Now, design your own 3-D chocolate! | india | Hindustan Times
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Now, design your own 3-D chocolate!

Do you want to design your own chocolate? A chocolate teapot has finally become a reality after scientists invented a technology that allows people to design their own 3D objects, which can be reproduced in chocolate.

india Updated: Aug 12, 2011 12:26 IST

Do you want to design your own chocolate? Well, a new technology will help you turn your imagination into reality.

A chocolate teapot has finally become a reality after scientists invented a technology that allows people to design their own 3D objects, which can be reproduced in chocolate.

Researchers hope an online retail business will host a website for users to upload their designs for 3D printing and delivery.

The University of Exeter in collaboration with Brunel University and software developer Delcam is leading the project.

Using new digital technology the printer allows people to create their own designs on a computer and reproduce them physically in three-dimensional form in chocolate.

3D printing is a technology where a three dimensional object is created by building up successive layers of material. The technology is already used in industry to produce plastic and metal products, but this is the first time the principles have been applied to chocolate.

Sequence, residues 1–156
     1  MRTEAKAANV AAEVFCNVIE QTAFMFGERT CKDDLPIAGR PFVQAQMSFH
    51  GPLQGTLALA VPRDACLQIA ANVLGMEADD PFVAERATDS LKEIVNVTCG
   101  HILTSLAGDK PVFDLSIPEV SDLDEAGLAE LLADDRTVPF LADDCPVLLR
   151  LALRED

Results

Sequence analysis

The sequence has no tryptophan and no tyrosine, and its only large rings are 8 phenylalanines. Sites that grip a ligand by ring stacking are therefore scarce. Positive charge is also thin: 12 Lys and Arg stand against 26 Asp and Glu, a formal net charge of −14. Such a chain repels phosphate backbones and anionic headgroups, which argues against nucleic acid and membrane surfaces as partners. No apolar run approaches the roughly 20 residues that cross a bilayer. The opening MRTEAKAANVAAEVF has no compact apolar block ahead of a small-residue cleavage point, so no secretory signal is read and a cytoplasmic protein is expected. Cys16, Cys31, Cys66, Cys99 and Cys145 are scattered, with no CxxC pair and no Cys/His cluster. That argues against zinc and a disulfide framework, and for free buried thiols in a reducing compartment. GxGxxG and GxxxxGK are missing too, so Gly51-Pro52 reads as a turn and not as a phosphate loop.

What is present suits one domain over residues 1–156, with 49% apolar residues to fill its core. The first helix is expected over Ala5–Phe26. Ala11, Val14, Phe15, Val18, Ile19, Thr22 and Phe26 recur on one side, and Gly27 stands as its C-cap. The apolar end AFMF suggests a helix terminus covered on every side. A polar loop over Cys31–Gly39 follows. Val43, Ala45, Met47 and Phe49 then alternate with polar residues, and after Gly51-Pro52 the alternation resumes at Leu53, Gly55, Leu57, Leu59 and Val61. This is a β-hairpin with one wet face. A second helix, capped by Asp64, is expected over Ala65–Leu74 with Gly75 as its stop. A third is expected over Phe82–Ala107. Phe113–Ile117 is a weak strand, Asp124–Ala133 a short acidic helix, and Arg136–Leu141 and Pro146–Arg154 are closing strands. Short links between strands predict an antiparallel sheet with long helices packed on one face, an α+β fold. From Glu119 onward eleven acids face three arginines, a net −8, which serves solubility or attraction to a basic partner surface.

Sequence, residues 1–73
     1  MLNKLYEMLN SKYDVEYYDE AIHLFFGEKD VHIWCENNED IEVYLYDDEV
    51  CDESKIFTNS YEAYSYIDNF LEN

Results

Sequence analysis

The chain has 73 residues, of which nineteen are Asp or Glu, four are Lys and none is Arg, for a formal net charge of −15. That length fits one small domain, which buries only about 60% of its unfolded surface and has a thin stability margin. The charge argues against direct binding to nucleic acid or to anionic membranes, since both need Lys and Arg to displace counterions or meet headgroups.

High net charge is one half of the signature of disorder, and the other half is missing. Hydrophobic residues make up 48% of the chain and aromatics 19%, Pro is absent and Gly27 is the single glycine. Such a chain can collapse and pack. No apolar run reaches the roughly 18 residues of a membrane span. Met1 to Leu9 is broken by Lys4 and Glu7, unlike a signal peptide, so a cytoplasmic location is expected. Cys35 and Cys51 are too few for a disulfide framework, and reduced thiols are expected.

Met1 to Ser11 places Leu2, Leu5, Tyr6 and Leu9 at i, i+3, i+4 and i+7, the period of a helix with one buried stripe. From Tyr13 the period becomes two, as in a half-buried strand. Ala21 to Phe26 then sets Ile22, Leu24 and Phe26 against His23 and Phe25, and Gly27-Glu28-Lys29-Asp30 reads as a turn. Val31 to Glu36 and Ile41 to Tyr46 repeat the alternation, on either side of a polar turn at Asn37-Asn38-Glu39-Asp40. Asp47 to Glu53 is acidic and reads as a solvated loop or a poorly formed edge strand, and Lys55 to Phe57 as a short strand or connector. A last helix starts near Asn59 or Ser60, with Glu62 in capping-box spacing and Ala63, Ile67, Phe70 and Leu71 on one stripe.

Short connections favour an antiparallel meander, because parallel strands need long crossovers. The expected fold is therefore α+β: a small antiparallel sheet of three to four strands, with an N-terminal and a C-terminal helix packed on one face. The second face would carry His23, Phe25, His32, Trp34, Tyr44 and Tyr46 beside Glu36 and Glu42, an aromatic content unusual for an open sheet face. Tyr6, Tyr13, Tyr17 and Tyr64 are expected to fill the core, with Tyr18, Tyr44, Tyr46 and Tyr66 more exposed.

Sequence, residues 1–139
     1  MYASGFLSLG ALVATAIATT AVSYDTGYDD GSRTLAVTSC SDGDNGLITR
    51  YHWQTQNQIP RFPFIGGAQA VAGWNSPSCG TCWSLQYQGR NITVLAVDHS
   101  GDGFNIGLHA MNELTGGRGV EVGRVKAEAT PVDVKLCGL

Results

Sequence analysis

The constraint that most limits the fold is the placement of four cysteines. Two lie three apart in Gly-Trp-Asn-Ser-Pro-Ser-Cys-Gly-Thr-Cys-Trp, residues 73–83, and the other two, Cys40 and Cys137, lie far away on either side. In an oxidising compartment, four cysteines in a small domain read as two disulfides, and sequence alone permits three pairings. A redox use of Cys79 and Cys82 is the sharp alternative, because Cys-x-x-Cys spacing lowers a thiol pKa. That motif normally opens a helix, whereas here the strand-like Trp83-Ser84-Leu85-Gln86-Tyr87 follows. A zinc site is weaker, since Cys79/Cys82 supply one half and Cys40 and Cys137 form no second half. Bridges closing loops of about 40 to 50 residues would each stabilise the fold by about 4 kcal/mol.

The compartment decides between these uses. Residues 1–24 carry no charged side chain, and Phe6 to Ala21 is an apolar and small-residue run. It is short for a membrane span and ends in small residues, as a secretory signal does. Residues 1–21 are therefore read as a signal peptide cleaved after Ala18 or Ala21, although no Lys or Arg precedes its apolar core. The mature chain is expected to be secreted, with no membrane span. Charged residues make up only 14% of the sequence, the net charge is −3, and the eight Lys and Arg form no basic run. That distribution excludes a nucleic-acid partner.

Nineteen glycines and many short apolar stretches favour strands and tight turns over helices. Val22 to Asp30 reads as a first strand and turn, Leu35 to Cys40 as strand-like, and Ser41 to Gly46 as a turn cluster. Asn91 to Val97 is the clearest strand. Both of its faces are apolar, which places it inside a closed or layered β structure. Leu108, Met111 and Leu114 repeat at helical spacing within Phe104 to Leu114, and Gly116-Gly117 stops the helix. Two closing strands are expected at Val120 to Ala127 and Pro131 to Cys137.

The research has presented many challenges. Chocolate is not an easy material to work with because it requires accurate heating and cooling cycles.

These variables then have to be integrated with the correct flow rates for the 3D printing process. Researchers overcame these difficulties with the development of new temperature and heating control systems.

“What makes this technology special is that users will be able to design and make their own products,” the Daily Mail quoted research leader Dr Liang Hao as saying.

“From reproducing the shape of a child’s favourite toy to a friend’s face, the possibilities are endless,” added Hao.

“It could be developed to help consumers custom-design many products from different materials, but we’ve started with chocolate as it is readily available, low cost and non-hazardous.

“There is also no wastage as any spoilage can be eaten,” added Hao.